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Michael Vick begins the process of forgiving Riley Cooper

By Josh Katzowitz | NFL Writer

With Eagles receiver Riley Cooper facing all kinds of heat for using a racial slur at a Kenny Chesney concert, at least one Vick brother forgives him.

No, not Marcus Vick, who continues to use Twitter for his unfiltered thoughts and tweeted out Wednesday a $1,000 bounty on Cooper, but the Vick brother who's actually relevant in NFL discussions: quarterback Michael Vick.

“What if your son or daughter made a mistake of this factor? How would you want people to perceive it? I've been there before,” Vick said, via USA Today.

"[Cooper] being my brother, knowing him for so long, it's hard to defend him saying that. At the same, time, it happened. We talked about it man to man, one on one. We just know that we have to some way move on. It's a very delicate situation. But we all understand. Somehow we all have to find a way to get past it. That's maturity in itself.''

Vick, of course, knows something about asking for public forgiveness and finding maturity after he served a 21-month sentence for dog fighting. But for Vick, a high-profile African-American in the high-profile NFL, to so publicly forgive Cooper and his racial slur, well, maybe that's the beginning of Cooper's redemption. Maybe.

“Riley is still my teammate,” Vick said. “And he just stood in front of us as a man and apologized for what he said. And somewhere deep down, you have to find some level of respect for that. Riley wished he never said it.”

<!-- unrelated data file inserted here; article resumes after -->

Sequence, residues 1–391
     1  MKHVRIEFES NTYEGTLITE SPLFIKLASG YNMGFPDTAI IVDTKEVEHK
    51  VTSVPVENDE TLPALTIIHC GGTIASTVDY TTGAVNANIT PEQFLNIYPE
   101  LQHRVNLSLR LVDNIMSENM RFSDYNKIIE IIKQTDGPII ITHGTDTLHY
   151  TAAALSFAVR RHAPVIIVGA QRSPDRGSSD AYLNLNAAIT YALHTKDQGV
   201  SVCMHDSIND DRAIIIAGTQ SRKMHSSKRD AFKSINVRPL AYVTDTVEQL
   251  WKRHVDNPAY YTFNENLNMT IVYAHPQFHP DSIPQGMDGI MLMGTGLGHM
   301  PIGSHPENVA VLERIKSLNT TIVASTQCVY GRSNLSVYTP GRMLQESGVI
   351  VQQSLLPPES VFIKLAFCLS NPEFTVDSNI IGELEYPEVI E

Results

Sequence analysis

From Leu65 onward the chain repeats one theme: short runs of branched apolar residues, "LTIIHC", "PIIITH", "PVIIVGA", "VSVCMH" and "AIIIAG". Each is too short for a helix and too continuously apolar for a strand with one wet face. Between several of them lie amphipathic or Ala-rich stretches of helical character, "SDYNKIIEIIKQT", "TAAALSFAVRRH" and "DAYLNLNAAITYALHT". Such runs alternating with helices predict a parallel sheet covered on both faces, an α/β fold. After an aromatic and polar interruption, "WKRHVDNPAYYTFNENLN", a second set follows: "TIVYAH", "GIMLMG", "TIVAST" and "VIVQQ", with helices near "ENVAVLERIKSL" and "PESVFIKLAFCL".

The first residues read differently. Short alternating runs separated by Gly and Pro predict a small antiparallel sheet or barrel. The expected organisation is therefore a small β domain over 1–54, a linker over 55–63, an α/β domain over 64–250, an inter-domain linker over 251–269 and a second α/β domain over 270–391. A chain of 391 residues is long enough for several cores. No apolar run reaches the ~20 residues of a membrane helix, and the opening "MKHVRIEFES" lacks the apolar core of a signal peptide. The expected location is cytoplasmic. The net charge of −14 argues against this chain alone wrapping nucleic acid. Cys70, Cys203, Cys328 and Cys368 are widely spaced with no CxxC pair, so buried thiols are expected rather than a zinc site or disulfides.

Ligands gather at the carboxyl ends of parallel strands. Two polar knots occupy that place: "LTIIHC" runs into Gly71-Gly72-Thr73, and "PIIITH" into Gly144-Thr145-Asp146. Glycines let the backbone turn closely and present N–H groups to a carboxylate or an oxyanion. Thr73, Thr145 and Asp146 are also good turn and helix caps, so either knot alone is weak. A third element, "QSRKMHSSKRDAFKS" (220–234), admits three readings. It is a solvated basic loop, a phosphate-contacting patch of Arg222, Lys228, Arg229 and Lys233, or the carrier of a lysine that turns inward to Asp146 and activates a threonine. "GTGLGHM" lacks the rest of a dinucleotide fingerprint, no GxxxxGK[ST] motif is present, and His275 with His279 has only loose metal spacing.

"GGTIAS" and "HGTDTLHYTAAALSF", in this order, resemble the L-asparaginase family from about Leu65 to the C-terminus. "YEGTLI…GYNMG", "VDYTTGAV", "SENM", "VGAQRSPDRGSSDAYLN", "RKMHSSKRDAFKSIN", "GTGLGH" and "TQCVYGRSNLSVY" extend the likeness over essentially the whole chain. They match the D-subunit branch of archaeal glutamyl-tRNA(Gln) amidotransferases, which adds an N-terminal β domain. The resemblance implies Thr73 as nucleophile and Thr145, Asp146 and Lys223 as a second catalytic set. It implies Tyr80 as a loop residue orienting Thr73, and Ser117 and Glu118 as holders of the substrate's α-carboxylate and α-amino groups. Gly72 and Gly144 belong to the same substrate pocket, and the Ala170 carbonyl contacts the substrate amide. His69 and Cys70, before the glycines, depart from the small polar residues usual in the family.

Cooper already has been fined by the Eagles, and commissioner Roger Goodell said Thursday he doesn't plan any other punishments.



Said Eagles safety Kurt Coleman: "I'm a man of mixed culture, I'm bi-racial, so I understand everything. Do I feel the comment was insensitive? Yeah. And he knows that. I've been called a lot of things. But I think Riley is a good man. I really do. I have his back. It's going to build a lot of character in him. It's a tough situation, but we've got to move together as a team.”

Cooper apologized to his team during a talk-through Wednesday, and coach Chip Kelly gave the Eagles five minutes to discuss and diffuse the situation.

No matter what his teammates think of him, they appear to support Cooper publicly. Which probably is the first step toward the team moving on from Cooper's nasty comment.

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